Trackman Spotlight: 2019 RHP Nick Hoffmann


Sean Duncan
PBR Analytics Intern

Any time a pitcher throws a perfect game, it’s a big deal, no matter the level of competition.  Clemson-bound RHP Nick Hoffmann (Centerville HS, OH) happened to do it on a big stage, at the second-annual Midwest Select on April 13 against a physical Gull Lake (MI) club in Westfield, IN.

Typically there are three ingredients in order to throw a perfect game: 1.) The strike pitch has to be in the house. 2.) The pitcher’s stuff has to have some swing-and-miss capabilities. 3.) The defense behind him has to make plays, which is out of the pitcher’s control.

So how did the 6-foot-2 Hoffmann achieve his perfecto? Digging into the Trackman data, the numbers inside the numbers reveal Hoffmann’s ultimate success.

Let’s first start with the strike pitch, which is unequivocally the most important pitch in baseball. Hoffmann threw 77 pitches during the 4-0 victory, 63 of which were strikes. He filled up the strike zone at an astounding 82 percent clip, working mostly off his fastball (57 pitches), followed by his slider (10 of 13 were strikes).

Looking at the results, one could assume that Hoffmann’s fastball simply overpowered hitters. While certainly advanced for a prep right-hander, his average fastball velocity was 88.08, with a high of 90.44. The fastball played mostly true and was fairly flat.

So how did he consistently eat up hitters? Hoffmann’s deception came from his remarkable extension; his top extension on a pitch was 7.34 feet, and averaged around 7-feet. Which means Hoffmann’s perceived velocity was actually 1-2 mph faster than the actual velocity, a rarity for high school pitchers. Simply put, the ball was getting up on hitters quicker because of his release point down the mound. (Perceived velocity helps quantify how fast a pitch appears to a hitter, by factoring the velocity of the pitch and the release point of the pitcher).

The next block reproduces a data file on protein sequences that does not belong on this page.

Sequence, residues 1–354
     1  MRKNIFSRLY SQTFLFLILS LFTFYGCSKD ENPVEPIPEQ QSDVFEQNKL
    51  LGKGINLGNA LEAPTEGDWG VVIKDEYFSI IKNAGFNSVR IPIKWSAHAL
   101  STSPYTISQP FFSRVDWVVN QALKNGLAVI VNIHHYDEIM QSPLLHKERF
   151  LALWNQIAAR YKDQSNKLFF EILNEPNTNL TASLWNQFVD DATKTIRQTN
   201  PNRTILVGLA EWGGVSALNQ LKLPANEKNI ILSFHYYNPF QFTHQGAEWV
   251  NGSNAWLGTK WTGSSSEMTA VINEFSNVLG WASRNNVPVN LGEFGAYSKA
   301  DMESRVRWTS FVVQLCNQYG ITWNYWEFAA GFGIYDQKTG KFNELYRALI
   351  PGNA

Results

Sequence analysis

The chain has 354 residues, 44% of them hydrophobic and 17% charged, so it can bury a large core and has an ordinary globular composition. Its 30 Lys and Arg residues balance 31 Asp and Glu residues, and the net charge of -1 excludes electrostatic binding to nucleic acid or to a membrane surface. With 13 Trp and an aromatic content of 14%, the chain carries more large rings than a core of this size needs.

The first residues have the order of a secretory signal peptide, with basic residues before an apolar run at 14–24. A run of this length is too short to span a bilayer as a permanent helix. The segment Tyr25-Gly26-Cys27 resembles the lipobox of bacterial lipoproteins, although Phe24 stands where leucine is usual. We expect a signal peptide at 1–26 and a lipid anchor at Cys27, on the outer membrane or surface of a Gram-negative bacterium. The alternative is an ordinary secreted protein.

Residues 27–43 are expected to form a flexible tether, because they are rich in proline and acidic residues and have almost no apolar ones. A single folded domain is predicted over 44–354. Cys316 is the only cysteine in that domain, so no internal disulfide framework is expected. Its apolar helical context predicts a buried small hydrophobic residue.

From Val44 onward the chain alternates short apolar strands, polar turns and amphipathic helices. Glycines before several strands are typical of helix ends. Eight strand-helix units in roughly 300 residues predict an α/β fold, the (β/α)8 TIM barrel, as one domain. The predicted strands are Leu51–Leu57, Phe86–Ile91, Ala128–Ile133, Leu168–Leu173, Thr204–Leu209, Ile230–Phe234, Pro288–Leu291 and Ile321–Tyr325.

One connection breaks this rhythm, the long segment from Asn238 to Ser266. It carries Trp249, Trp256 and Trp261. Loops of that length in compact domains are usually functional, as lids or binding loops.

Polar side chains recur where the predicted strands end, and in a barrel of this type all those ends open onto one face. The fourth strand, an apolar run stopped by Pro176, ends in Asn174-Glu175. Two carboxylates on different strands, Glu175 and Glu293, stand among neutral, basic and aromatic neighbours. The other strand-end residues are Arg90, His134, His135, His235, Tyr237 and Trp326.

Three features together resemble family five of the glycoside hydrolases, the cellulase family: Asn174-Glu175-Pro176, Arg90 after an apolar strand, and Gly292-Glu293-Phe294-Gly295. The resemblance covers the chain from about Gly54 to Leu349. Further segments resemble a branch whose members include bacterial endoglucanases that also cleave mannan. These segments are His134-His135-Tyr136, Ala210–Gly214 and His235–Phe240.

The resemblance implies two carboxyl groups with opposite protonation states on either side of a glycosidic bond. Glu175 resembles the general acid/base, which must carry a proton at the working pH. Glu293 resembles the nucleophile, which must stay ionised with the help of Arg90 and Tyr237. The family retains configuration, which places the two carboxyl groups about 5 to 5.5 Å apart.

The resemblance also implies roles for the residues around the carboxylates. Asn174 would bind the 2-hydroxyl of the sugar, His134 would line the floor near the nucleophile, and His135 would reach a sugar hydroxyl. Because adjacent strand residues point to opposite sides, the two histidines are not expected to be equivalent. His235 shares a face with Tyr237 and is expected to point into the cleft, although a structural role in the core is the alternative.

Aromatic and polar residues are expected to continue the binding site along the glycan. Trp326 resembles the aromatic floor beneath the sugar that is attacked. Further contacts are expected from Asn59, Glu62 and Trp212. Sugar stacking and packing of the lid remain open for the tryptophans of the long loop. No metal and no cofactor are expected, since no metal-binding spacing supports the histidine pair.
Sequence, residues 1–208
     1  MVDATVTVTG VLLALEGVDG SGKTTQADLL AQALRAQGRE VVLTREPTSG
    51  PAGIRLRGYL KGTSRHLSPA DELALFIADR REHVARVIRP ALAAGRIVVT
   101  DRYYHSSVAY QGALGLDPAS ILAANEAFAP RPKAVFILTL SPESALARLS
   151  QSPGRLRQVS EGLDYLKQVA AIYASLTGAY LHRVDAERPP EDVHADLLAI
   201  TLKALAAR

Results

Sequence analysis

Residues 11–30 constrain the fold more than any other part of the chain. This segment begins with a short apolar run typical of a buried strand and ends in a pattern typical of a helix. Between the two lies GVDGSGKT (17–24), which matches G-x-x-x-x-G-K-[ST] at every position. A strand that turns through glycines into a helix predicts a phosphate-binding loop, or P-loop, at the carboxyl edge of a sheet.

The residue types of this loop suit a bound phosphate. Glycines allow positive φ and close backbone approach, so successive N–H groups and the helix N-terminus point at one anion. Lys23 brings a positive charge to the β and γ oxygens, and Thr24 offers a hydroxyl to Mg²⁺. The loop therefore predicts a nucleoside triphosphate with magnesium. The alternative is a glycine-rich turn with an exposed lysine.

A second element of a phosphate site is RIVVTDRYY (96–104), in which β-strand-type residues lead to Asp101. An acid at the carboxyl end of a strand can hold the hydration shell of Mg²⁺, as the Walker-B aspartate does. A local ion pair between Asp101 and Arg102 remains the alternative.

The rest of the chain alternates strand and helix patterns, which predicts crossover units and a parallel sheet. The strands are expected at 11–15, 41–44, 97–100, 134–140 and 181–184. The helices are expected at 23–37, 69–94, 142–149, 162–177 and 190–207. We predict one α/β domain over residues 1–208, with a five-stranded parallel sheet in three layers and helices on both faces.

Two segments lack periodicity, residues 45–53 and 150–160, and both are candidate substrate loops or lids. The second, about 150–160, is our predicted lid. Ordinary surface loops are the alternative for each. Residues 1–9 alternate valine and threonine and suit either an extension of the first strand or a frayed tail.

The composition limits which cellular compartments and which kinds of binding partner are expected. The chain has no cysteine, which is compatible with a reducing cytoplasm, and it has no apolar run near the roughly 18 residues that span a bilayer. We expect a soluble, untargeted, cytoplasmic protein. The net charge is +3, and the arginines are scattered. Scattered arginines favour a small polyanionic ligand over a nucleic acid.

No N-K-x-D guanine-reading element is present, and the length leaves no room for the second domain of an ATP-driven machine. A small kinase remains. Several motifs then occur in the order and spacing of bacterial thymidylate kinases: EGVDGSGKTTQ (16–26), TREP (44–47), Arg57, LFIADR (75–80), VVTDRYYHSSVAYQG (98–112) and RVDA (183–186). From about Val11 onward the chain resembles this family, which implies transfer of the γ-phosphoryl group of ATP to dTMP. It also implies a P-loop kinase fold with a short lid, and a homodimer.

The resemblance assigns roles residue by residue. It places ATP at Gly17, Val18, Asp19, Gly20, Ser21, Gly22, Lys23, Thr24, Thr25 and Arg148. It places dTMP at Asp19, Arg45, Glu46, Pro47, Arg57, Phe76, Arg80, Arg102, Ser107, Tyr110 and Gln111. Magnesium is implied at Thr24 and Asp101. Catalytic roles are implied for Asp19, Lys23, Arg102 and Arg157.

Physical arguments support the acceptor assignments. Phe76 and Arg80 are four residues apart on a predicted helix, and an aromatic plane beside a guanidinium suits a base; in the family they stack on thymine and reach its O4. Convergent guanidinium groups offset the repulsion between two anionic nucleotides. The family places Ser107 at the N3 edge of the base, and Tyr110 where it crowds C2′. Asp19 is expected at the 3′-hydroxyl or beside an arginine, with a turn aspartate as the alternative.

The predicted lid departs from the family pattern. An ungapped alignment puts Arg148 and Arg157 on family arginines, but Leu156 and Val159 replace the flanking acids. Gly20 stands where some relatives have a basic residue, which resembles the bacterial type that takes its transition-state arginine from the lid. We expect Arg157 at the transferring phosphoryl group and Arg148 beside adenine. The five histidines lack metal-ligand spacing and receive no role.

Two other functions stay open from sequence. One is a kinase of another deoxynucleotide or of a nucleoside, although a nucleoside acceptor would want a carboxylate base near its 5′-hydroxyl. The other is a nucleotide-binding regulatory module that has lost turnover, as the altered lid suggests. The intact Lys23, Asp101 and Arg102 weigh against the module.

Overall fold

The MLB average for fastball spin is 2,200 rpm. Hoffmann’s top fastball spin was 2,293, with an average of 2,117.

His 73-76 mph slider was effective but certainly not wipeout. However, his top spin rate was right around the 2,500 major-league average, coming in at 2,510 with an average of 2,257. While the action of the pitch wasn’t always right, the spin works.

Hoffmann struck out eight batters in the game, and in general didn’t generate an overwhelming amount of swing-and-misses. He did, however, miss a lot of barrels, inducing weak contact consistently. Of the 13 batted balls in play, there was an average exit velocity of 72.73.

Bottom line: If a pitcher throws a high volume of strikes, and misses a lot of barrels, he’s going to have considerable success, no matter the level.

Here is Hoffmann’s in-game scouting report from the Midwest Select:

Clemson recruit, currently ranked No. 15 in Ohio’s 2019 class. 6-foot-2, athletic frame with proportional strength and room for continued physical development. Threw a perfect game with eight strikeouts in the victory. Pounded the strike zone with his 88-91 mph fastball, and mixed in a 73-75 breaking ball. Fastball plays mostly true, but gets up on hitters thanks to his excellent extension, which ranged between 6’10’’-7’3’’; most fastballs had a perceived velocity 1-2 mph faster than the actual velocity (which is rare for high school pitchers), per Trackman data. His final pitch of the game of his perfecto was a 90-mph strikeout. Delivery is athletic and on-line. Deep takeaway in the back with a slight wrap; has the arm speed to get it up and out. Fast hand out front.

 

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